According to researchers, HIV virions expressing the ligand of CD40 (ie, CD40L) on their surface may drive lymphomagenesis in HIV-infected individuals by inducing expression of the programmed cell death-ligand 1 (PD-L1) on regulatory B cells (ie, Breg cells). The findings from this study were published in Scientific Reports.
Previous research has revealed the existence of a population of regulatory B cells (ie, Breg cells characterized by expression of CD19 (+), CD24 (++), and CD38 (++) which partially function in a manner analogous to regulatory T cells (ie, Treg cells) that secrete inhibitory cytokines (eg, interleukin-10 [IL-10]) to suppress the response of the adaptive immune system. Results of recent studies have shown high levels of IL-10-secreting B cells in HIV-positive individuals, and support promotion of Breg cell generation through HIV infection.
Individuals infected with HIV are known to be at increased risk of non-Hodgkin lymphoma (ie, AIDS-NHL), and previous work has implicated chronic B cell activation, as well as immune dysregulation due to B-cell infection with Epstein-Barr virus (EBV), as potential etiologic factors contributing to the development of AIDS-NHL. Furthermore, results from a recently conducted small study showed that the population of Breg cells was elevated in individuals infected with HIV diagnosed with AIDS-NHL compared with HIV-positive individuals without an AIDS-NHL diagnosis. In addition, previous research has demonstrated that Breg cells in HIV-infected individuals can express PD-L1.
In this nested case-control study conducted within the Multicenter AIDS cohort study, frozen samples of peripheral blood mononuclear cells (PBMC) from men with AIDS-NHL (n=18) collected greater than 4 years and 1-4 years prior to AIDS-NHL diagnosis were obtained. Similar specimens were also obtained from HIV-positive men without a diagnosis of AIDS-NHL (n=18). In addition, PBMC samples were collected from HIV-negative men (n=15). Multicolor flow cytometry was performed on stained PBMC to characterize biomarker expression and quantify cell populations.
Interestingly, the level of Breg cells (ie, CD19+CD24++CD38++ cells) was significantly elevated 1-4 years (P =.003), but not greater than 4 years, prior to diagnosis of AIDS-NHL compared with the HIV-positive control group who did not develop AIDS-NHL. The timing of the increase in Breg cells suggests that these cells may play a role in the generation of AIDS-NHL. In addition, the number of Breg cells was higher in PBMC samples of HIV-positive compared with HIV-negative individuals (P =.025).
Also observed was a significant increase in the level of B cells staining for both CD19 and PD-L1 1-4 years (P =.029), but not greater than 4 years, preceding the diagnosis of AIDS-NHL compared with PCMC samples from HIV-positive controls. Interestingly, most of these B cells also stained for the Breg phenotype, suggesting that a subpopulation of Breg cells expressing PD-L1 is associated with the development of AIDS-NHL.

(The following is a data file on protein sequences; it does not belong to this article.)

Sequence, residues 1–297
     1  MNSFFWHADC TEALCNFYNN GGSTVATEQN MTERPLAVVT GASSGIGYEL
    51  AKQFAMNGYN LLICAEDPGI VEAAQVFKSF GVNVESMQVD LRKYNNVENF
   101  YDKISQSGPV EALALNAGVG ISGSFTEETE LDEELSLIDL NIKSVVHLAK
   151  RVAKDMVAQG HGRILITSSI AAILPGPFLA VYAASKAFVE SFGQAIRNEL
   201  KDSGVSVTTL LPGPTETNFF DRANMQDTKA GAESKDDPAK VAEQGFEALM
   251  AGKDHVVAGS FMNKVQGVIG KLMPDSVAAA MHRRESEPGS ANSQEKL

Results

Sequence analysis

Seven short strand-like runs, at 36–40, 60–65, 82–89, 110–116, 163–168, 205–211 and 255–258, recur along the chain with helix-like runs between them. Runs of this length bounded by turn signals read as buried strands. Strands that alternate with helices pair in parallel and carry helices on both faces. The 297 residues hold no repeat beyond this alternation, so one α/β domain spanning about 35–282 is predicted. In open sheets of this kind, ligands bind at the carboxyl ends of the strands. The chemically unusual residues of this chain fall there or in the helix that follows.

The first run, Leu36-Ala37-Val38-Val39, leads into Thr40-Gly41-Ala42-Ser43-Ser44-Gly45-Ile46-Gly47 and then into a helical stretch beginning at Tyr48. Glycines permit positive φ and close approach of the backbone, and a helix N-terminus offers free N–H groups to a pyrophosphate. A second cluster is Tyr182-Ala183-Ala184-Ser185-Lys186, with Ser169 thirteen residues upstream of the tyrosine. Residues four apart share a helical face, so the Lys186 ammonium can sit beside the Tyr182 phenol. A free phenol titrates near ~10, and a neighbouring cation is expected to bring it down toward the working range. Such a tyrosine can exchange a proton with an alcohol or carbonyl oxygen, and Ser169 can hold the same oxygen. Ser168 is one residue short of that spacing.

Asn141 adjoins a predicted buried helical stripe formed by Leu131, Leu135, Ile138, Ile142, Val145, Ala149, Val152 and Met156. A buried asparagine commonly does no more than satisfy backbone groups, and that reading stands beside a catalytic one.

Furthermore, PD-L1 expression on B cells was significantly higher in HIV-positive compared with HIV-negative individuals (P =.005 and P =.01 in individuals with and without a diagnosis of AIDS-NHL, respectively), suggesting that HIV infection is associated with increased B cell expression of PD-L1.
Additional experiments were designed to uncover the underlying mechanisms associated with upregulation of PD-L1 on B cells. Previous research showed HIV virions produced in human T cells express CD40L on their surface. The CD40 ligand (CD40L) is known to activate CD40, and CD40/CD40L signaling is necessary for Breg development/function. In this study, an increased level of PD-L1 expression was observed on isolated B cell samples from HIV-negative individuals exposed to HIV virions expressing CD40L (P =.032). However, when B cells were exposed to HIV virions positive for a mutant, nonfunctional form of CD40L, no increase in PD-L1 expression level was observed. In addition, B cells exposed to the CD40L-positive HIV virions were shown to secrete IL-10.
These results suggest that Breg cells may inhibit T cell function by secretion of IL-10 and through blockage of the costimulatory PD-1 receptor.
In their concluding remarks, the study authors noted that “together, these findings lead us to speculate that the induction of PD-L1 on B cells may be an early event driving lymphomagenesis. Certainly, more work needs to be done to elucidate the role of PD-L1-positive B cells in lymphomagenesis.”
Epeldegui M, Conti DV, Guo Y, et al. Elevated numbers of PD-L1 expressing B cells are associated with the development of AIDS-NHL. doi: 10.1038/s41598-019-45479-3
This article originally appeared on Cancer Therapy Advisor